January 24, 2013
Own-label musicians start calling the tune
By: Paul Sexton
Although times are tough in the music business – underscored by the recent collapse of retailer HMV – some artists are developing low-key but robust business models for running their own labels.
Folk musician Kate Rusby, for example, whose worldwide record sales recently reached 1m units, has been the sole artist on independent label Pure for 20 years. For her, it is not just a case of better the devil you know, but better the family you know. The company was formed by her father Steve, who continues to run it from a house near the Yorkshire moors with Kate’s mother Anne, brother Joe, sister Emma Holling and non-family member Joy Jackson.
Paul Carrack, once the voice of groups such as Ace, Squeeze and Mike & the Mechanics, has also been his own man since 2000, when he set up his Carrack-UK label. With a loyal fan base and helped by significant airplay on BBC Radio 2 and commercial network Smooth Radio, he is currently on the second leg of a UK tour of more than 50 dates.
Such businesses are part of a growing number of independent labels in the UK. In the past five years, as the majors adjust to a challenging business environment, the number of labels that are members of the industry body PPL (Phonographic Performance Limited) has climbed from 5,800 to 8,500.
This, however, is against a background of generally low earnings for professional musicians. A recent report by the Musicians’ Union revealed that more than half of professional UK musicians earn less than £20,000 a year, and 60 per cent worked for free at some point in 2012. A survey of 5,000 US recording artists by the Northwestern University Law School showed that just 6 per cent of musicians’ earnings came from recorded music.
But the freedom of the independent route is a big attraction. Pure is serious about getting Ms Rusby’s music to the widest possible audience, both on record and on her hugely popular tours. But there is also time for fun. On Monday, with the office inaccessible in heavy snow, the staff went sledging. “It’s a massive luxury to be able to please yourself,” says Mr Rusby. “And we please ourselves within our own little world.”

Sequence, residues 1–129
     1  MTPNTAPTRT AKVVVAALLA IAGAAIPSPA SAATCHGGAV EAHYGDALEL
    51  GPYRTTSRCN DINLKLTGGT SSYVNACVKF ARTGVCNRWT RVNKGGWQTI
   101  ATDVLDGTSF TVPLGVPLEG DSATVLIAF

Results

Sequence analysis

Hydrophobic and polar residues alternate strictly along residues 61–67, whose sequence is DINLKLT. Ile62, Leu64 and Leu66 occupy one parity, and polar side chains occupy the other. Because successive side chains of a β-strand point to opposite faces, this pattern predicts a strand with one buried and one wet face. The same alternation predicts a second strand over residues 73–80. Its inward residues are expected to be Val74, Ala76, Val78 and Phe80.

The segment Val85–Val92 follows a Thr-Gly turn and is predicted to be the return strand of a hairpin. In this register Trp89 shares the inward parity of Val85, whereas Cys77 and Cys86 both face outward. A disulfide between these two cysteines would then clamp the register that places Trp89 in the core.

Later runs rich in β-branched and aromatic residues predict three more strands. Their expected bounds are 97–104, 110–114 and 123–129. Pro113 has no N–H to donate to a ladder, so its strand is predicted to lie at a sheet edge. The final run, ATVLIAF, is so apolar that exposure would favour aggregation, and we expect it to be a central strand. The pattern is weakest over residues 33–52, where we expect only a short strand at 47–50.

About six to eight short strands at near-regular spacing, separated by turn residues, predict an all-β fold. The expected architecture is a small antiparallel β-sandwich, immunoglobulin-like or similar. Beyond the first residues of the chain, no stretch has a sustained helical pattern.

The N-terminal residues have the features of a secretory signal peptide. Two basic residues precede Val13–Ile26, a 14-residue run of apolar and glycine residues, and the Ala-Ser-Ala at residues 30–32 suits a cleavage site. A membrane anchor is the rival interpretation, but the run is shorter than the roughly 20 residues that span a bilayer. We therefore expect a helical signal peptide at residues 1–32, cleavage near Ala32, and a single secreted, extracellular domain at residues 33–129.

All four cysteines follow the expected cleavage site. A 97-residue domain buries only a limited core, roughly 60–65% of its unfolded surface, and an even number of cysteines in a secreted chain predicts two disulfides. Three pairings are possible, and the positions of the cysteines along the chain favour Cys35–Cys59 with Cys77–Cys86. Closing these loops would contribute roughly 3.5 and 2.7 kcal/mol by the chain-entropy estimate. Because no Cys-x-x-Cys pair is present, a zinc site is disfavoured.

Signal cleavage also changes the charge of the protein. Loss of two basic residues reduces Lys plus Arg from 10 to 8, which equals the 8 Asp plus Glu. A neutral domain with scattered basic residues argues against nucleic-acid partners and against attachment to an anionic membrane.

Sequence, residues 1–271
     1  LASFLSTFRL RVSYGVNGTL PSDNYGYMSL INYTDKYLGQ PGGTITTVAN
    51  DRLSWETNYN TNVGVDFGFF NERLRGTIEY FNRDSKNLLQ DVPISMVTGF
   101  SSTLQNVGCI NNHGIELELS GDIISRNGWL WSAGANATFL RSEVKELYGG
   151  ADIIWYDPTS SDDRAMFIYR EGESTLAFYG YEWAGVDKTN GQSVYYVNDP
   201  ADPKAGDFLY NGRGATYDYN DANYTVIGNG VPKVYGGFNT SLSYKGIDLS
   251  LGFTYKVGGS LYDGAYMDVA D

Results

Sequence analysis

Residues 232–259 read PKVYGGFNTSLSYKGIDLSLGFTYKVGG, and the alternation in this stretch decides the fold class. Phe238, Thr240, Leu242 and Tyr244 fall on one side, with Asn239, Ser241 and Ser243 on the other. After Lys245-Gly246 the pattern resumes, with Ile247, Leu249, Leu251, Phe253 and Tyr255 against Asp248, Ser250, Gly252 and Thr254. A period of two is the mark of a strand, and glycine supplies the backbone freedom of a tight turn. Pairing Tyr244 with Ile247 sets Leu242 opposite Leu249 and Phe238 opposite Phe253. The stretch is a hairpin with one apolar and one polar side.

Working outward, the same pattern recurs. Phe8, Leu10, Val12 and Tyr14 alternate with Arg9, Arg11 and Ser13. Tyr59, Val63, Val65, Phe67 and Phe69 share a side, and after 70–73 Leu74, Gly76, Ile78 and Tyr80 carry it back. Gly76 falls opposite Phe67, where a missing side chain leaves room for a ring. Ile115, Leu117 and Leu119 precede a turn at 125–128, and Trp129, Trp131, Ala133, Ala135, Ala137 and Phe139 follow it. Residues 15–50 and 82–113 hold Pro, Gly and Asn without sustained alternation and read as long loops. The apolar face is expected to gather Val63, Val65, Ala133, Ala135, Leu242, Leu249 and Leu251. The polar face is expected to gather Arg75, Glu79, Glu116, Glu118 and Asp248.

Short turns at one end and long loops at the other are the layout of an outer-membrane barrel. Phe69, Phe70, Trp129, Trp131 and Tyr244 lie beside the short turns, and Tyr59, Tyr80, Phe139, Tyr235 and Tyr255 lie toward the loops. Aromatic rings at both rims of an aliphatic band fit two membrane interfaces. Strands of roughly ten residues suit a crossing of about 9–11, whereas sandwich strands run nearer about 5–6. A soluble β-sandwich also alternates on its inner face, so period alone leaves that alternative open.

He admits that they took the independent path out of necessity. When he started Pure, he was not beating off major record companies vying for Kate’s signature. “Don’t forget we’re talking about folk music,” he says. “The majors aren’t interested . . . The odd excursion that ‘folkies’ have had into the major label pool, I’ve worked with these people and heard the tales over the years, and it’s never worked for them. We’re not the first to do it ourselves out of the folk scene.”
Pure has nevertheless teamed up with a major for the first time, licensing Ms Rusby’s latest album, 20, to Universal’s Island label. But her father says it is “too early” to judge the results. “The Universals and Warners have got a place,” he says, “and, for people who sell big, they make them a fortune”.
For independents, the money comes in slowly but steadily. Mr Carrack says he has no regrets about the move. “It was small, we didn’t over-reach or go for mad promotional budgets,” he explains.
“It’s gradually built into a substantial business. When I say substantial, it keeps us busy and keeps us on the road, and that’s all a musician wants really.”
He cautions that this model is not for everyone. “There’s not many that want to do it that way, because it’s a lot of work.”
Pure’s Emma Holling, meanwhile, muses: “What do you aspire to? Half a dozen BMWs? We don’t aspire to that. All our bills are paid, and we’ve got cars that run about.”
Not to mention sledges.